Want more evidence that some of Democrat presidential nominee Barack Obama's recent campaign maneuvers aren't going over very well with the ultra-left in this nation?
Readers clicking on the link will find the following opening paragraph to an article bylined "The Huffington Post" (emphasis added):
Sen. Barack Obama is risking his brand as a political reformer, according to reports today in the Los Angeles Times and the Washington Post. In recent weeks, he has moderated or changed positions on a number of politically-charged issues, leading to criticism from demoralized Democratic activists and charges of "flip-flopping" from conservatives.
The articles in question chronicled some of Obama's recent flip-flops, including his decision not to take public campaign funds, and to vote in favor of amending the Foreign Intelligence Surveillance Act, both positions tremendously counter to his far-left-leaning base.
Of particular interest is the Times piece, "Obama is Shifting Towards the Center," which actually tried making the case that the uber-liberal junior senator from Illinois "is emphasizing centrist -- even conservative -- positions on hot-button issues."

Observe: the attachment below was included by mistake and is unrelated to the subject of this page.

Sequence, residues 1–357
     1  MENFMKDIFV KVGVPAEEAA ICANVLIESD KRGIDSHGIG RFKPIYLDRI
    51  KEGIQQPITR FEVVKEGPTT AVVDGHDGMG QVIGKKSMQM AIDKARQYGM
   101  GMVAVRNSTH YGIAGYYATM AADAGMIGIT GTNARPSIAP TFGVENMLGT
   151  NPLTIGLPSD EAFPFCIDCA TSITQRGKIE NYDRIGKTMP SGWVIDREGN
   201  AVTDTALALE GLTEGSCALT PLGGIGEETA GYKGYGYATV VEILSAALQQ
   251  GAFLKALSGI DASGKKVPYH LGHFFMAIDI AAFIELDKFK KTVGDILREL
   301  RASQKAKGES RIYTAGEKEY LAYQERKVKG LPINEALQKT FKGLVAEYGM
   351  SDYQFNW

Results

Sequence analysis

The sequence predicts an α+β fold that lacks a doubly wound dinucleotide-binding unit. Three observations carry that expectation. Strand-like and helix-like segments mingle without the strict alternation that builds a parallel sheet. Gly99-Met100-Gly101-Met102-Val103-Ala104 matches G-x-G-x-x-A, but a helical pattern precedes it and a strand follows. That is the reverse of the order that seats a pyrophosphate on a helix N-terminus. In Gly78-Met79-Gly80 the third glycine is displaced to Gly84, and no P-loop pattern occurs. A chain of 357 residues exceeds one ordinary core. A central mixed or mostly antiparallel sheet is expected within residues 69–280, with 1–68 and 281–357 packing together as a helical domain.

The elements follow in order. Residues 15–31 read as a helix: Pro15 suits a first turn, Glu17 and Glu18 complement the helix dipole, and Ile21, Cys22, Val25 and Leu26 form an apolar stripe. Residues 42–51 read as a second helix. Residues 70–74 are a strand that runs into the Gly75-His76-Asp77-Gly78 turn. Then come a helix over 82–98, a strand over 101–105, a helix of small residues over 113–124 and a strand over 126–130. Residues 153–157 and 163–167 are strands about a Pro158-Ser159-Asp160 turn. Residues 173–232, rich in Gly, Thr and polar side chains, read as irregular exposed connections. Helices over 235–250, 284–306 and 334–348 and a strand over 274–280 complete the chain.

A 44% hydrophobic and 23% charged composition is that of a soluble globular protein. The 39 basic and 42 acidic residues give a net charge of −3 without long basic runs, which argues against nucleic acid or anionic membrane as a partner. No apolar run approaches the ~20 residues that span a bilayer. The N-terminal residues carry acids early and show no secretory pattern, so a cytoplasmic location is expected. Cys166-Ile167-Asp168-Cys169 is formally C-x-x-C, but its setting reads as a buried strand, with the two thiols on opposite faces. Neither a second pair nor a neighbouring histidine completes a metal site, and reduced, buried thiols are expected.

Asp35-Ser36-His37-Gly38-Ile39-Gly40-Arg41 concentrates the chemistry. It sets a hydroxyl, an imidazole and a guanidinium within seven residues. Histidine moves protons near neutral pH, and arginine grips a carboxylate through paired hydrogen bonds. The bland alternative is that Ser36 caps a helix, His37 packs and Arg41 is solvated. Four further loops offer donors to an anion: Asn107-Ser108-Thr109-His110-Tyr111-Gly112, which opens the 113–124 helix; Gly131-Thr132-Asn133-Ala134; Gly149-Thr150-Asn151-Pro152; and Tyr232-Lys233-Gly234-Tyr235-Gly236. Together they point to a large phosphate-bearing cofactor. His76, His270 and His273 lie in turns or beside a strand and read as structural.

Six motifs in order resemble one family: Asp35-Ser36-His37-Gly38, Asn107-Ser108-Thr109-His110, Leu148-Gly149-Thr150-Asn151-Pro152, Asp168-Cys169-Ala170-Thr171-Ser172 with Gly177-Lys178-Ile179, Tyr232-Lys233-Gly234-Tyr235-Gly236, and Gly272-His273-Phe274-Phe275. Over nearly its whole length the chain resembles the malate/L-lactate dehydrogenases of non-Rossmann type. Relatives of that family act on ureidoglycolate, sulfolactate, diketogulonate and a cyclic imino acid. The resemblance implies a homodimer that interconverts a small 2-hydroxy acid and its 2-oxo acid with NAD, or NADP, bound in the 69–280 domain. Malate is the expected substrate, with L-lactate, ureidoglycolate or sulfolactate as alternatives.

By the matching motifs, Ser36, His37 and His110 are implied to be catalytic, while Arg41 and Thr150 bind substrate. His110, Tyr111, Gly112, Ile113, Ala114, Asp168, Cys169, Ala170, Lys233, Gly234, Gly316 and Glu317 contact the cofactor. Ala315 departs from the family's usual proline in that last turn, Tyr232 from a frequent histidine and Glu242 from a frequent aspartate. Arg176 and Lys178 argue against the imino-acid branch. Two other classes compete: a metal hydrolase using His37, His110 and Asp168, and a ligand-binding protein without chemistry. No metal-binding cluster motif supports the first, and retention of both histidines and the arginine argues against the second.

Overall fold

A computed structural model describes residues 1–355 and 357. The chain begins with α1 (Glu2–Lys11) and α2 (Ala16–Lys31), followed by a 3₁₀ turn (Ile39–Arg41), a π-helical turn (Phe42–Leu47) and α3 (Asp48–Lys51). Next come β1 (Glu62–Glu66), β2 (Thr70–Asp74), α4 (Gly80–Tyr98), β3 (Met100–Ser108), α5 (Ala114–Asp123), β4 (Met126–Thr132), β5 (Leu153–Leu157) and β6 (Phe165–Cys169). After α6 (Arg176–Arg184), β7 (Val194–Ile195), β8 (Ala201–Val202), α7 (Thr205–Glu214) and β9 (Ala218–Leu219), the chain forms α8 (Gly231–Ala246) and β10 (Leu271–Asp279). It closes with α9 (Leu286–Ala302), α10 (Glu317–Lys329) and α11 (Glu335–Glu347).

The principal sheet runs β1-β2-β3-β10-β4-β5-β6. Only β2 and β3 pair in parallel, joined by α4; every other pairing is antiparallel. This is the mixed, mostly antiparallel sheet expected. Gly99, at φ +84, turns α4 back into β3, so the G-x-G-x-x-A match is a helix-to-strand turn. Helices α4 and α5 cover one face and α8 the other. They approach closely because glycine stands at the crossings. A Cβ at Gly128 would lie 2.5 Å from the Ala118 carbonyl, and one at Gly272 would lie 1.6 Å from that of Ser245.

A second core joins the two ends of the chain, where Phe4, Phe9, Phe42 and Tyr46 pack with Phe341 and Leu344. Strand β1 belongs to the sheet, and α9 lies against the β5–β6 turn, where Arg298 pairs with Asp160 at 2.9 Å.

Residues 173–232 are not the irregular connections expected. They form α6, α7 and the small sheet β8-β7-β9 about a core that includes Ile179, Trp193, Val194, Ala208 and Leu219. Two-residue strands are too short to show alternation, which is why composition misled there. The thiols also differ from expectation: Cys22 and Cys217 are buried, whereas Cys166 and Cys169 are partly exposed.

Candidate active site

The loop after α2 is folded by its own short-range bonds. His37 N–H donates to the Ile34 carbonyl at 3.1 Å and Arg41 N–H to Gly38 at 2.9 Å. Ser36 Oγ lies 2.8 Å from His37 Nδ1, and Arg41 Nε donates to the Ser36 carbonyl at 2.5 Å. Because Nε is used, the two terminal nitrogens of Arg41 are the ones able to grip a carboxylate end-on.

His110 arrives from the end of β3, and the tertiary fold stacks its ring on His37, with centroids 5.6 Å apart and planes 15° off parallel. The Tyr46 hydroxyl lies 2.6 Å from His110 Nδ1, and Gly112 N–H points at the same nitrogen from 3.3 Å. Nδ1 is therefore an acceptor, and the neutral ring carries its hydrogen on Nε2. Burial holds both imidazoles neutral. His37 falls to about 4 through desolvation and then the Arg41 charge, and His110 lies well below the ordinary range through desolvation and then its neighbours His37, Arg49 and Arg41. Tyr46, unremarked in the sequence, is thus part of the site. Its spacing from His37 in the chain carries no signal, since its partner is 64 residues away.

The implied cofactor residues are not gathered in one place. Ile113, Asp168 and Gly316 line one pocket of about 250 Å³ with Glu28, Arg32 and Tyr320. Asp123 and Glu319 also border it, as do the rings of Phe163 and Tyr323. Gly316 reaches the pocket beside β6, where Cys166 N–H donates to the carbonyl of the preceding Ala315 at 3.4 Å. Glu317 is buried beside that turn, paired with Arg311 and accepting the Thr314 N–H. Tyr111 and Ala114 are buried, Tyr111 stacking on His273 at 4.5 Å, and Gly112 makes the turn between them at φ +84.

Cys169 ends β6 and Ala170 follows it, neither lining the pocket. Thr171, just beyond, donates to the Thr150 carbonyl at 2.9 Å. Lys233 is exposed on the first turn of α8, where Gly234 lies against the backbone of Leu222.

I kid you not.
As absurd as this might seem, HuffPo readers and Netroots denizens might actually believe this nonsense as pointed out in the Post piece (emphasis added):
But even some who should be his core constituents -- in the Democratic Party's progressive wing and the liberal blogosphere -- have taken his recent maneuvers as a wake-up call. They are warning the senator that in his quest to reach voters in the middle of the political spectrum, he risks depressing the enthusiasm of the voters who clinched the nomination for him.
Which makes this HuffPo piece, as well as its prominent focus at the website Saturday, all the more fascinating.
After all, in an election that promises once again to be very close, both candidates clearly can't rely exclusively on their base. Coming out of the primaries, Obama seemed much more in control of his than McCain who still hasn't been able to get the support from Conservatives displeased with his position on illegal immigration as well as his votes against President Bush's tax cuts.
One would think this would give Obama an edge unless you don't ignore the ferocity of the uber-left.
With this in mind, Obama has a challenging tap dance ahead of him: how does he say things that woo enough moderate voters to get him over the magic 50 percent mark without angering the far-left base that brought him to the dance?
To be sure, these folks aren't very forgiving of Democrats making any move to the center. Just ask Joe Lieberman.
This also puts the Obama-loving media in a bit of a pickle: how do they convince moderate Independent voters that Obama isn't the far-left candidate he really is without angering those pleased with what he actually stands for?
Put another way, what kind of makeover will press members assist the Democrat candidate in achieving that will end up pleasing liberal and moderate voters?